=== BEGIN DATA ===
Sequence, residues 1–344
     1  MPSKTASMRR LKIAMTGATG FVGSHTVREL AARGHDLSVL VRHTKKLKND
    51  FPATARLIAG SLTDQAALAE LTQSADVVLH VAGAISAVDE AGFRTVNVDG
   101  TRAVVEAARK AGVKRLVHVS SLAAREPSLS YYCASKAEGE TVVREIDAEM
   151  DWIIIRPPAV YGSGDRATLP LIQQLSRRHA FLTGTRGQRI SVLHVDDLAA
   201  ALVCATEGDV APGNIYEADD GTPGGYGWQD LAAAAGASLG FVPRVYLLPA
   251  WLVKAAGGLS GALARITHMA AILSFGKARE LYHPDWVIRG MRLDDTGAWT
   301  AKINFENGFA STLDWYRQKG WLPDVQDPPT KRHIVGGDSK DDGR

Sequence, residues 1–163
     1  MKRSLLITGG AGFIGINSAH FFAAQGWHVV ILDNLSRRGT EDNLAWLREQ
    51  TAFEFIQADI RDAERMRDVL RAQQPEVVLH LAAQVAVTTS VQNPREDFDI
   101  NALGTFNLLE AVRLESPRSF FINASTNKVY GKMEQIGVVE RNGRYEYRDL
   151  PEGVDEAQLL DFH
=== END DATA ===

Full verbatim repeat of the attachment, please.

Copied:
Sequence, residues 1–344
     1  MPSKTASMRR LKIAMTGATG FVGSHTVREL AARGHDLSVL VRHTKKLKND
    51  FPATARLIAG SLTDQAALAE LTQSADVVLH VAGAISAVDE AGFRTVNVDG
   101  TRAVVEAARK AGVKRLVHVS SLAAREPSLS YYCASKAEGE TVVREIDAEM
   151  DWIIIRPPAV YGSGDRATLP LIQQLSRRHA FLTGTRGQRI SVLHVDDLAA
   201  ALVCATEGDV APGNIYEADD GTPGGYGWQD LAAAAGASLG FVPRVYLLPA
   251  WLVKAAGGLS GALARITHMA AILSFGKARE LYHPDWVIRG MRLDDTGAWT
   301  AKINFENGFA STLDWYRQKG WLPDVQDPPT KRHIVGGDSK DDGR

Sequence, residues 1–163
     1  MKRSLLITGG AGFIGINSAH FFAAQGWHVV ILDNLSRRGT EDNLAWLREQ
    51  TAFEFIQADI RDAERMRDVL RAQQPEVVLH LAAQVAVTTS VQNPREDFDI
   101  NALGTFNLLE AVRLESPRSF FINASTNKVY GKMEQIGVVE RNGRYEYRDL
   151  PEGVDEAQLL DFH